Dropping off a passenger to visit the new riverboat casino in the Lake of the Ozarks? Hanging out on one of the biggest lake destinations in the middle of the country for a week? Or just needing a good fuel stop as you pass through, you might find yourself landing at Lee C. Fine Memorial Airport at the Lake of the Ozarks, Missouri.
It’s a purpose-built airport meant to handle larger aircraft than the two other airports a little closer to town that have maximum runway lengths of 2,800 feet and 3,200 feet, respectively. Lee C. Fine Memorial Airport boasts a runway length of 6,500 feet and is served by a LOC/DME approach to Runway 22.
A: Localizer, Not Glideslope
A localizer DME approach, this particular approach does not offer a glideslope. While localizer precision laterally is helpful, the lack of a glideslope means this approach is nonprecision with a minimum descent altitude. A pilot will use the localizer and DME (no time is available on this approach) to descend to the missed approach point at 4.7 DME
B: DME from the VOR
Speaking of DME, unlike many localizers that have DME from the localizer itself, this DME comes from the SHY VOR. Make sure you have selected the proper source for DME when you are flying this approach because DME is required for the approach.
C: DME Arc
Initial approach fixes at ZOPUD and BARTI are listed from which pilots could choose to establish themselves onto the DME arc to feed inbound on this localizer. While many pilots tend to shy away from doing these, a little knocking off of the rust on these procedures can make them be effective methods to establish the approach from the en route environment. Coming from the east or west respectively, a pilot might choose these points to feed onto the approach when vectors are not provided instead of having to do any course reversals. The good news for many is that most modern GPS navigation systems will do these DME-arc procedures easily when programmed correctly.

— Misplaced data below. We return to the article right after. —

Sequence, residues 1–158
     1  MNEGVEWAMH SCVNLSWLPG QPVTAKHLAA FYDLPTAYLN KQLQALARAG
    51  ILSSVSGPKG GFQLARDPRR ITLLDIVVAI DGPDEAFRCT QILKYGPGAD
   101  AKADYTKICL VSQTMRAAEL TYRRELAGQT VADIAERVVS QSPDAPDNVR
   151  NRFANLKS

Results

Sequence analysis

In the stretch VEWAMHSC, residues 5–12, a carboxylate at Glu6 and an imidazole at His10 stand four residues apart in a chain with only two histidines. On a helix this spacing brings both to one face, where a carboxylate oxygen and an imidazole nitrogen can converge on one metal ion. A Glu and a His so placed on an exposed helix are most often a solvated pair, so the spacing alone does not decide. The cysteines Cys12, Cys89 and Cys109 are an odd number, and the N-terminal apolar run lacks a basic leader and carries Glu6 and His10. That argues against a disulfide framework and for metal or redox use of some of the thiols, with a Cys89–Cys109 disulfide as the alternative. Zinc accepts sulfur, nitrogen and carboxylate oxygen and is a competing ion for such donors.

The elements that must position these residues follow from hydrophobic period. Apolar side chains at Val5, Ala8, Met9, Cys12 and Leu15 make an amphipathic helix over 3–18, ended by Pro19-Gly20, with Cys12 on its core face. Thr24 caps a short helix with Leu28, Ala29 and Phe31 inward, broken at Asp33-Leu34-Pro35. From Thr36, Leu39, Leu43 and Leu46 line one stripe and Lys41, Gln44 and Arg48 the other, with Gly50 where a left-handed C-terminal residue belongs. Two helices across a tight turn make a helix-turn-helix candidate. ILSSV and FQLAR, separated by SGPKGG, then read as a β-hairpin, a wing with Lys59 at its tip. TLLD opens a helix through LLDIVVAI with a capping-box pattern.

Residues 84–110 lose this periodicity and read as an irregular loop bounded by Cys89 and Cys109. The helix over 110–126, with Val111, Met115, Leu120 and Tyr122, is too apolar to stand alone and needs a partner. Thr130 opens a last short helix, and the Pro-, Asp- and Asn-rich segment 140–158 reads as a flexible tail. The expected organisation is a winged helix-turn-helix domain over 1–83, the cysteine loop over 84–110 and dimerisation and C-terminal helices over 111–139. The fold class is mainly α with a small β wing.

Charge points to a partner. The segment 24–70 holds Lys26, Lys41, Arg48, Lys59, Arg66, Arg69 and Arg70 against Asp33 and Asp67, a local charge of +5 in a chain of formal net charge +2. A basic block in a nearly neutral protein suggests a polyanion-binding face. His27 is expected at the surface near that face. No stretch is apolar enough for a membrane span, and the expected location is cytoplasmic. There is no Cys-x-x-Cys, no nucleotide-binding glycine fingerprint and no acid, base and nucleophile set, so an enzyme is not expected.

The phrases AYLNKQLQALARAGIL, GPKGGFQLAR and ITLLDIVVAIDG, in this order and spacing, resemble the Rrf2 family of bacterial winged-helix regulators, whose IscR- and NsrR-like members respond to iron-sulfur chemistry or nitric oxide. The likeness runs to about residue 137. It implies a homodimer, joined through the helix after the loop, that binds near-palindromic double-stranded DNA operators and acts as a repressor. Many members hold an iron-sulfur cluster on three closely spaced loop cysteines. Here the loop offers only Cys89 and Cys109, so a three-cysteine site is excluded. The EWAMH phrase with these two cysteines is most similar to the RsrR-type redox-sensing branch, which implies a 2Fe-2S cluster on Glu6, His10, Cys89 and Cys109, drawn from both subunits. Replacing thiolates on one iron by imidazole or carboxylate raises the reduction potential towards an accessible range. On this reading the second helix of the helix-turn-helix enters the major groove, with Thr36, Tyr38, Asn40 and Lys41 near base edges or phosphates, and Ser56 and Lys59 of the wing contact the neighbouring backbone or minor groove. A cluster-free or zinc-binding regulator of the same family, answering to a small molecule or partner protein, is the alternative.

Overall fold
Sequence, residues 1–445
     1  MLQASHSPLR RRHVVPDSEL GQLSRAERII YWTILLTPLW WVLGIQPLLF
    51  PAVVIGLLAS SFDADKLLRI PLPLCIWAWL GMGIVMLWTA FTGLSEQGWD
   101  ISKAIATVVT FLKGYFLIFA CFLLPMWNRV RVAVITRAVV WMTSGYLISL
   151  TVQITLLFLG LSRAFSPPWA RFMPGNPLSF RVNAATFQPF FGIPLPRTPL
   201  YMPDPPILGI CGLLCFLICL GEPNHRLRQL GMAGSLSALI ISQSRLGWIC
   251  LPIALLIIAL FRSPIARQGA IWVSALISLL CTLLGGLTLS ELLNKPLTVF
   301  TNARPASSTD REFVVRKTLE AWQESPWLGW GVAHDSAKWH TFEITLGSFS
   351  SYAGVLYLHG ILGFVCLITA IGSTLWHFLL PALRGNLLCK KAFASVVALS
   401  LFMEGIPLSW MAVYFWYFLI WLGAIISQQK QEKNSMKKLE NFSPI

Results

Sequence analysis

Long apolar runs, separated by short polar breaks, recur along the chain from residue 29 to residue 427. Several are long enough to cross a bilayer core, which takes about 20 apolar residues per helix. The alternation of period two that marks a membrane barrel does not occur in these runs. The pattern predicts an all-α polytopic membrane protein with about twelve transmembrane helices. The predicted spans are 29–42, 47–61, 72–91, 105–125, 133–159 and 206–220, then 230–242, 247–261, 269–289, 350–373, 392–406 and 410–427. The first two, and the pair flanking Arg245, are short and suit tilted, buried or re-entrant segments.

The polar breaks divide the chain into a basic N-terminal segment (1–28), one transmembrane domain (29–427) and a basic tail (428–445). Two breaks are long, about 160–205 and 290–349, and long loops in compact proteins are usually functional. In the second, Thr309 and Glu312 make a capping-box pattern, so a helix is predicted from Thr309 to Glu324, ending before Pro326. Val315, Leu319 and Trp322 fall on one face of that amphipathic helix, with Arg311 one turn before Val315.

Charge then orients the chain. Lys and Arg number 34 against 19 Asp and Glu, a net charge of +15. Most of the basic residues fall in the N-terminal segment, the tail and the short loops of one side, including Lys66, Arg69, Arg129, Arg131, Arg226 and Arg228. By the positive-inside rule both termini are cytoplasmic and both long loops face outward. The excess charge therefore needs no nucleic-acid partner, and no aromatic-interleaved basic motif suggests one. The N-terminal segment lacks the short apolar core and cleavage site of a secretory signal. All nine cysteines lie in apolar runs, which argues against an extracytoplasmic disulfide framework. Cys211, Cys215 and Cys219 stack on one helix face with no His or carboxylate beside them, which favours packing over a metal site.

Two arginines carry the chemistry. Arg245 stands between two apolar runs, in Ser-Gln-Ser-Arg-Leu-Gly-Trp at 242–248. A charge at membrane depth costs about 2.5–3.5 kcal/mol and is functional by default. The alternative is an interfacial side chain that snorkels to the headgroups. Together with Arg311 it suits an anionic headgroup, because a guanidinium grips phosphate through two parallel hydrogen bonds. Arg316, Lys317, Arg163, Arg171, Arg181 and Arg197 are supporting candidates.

D: Feeder Routes
While BARTI and ZOPUD are intersections that a pilot could navigate to from the en route environment, they are not technically fed via feeder routes from the SHY VOR, even though radials are given. These radials are not depicted in the heavy arrow style that is used to depict an actual feeder route as a part of the approach procedure. A little harder to notice, there are two depicted on this chart. A feeder route from the Springfield VOR to the SHY VOR and one from the SHY VOR outbound along the localizer—which would require a course reversal after passing the PICYU waypoint—are both depicted. A pilot could choose either of these and be able to descend to a lower altitude once outbound from the SHY VOR to 2,500 feet. This is lower than on the DME arc and might be something a pilot would choose to do if there were icing, or even better, a chance of getting below a cloud layer and breaking out earlier.
E: Simple Missed—but Close
The missed approach on this is pretty straightforward. A pilot would climb straight ahead to the SHY VOR and hold inbound with right turns on the 217-degree radial (037 degrees inbound) at 3,100 feet msl. That being said, it is pretty close. From going missed at a DME point of 4.7 nm from the VOR to the holding point at the VOR is going to happen fast. A climb and flying straight ahead for just under 5 miles leaves a pilot needing to stay on top of aircraft configuration before entering the hold with a course reversal.
Editor’s Note: This article appeared in the December 2021 issue of FLYING.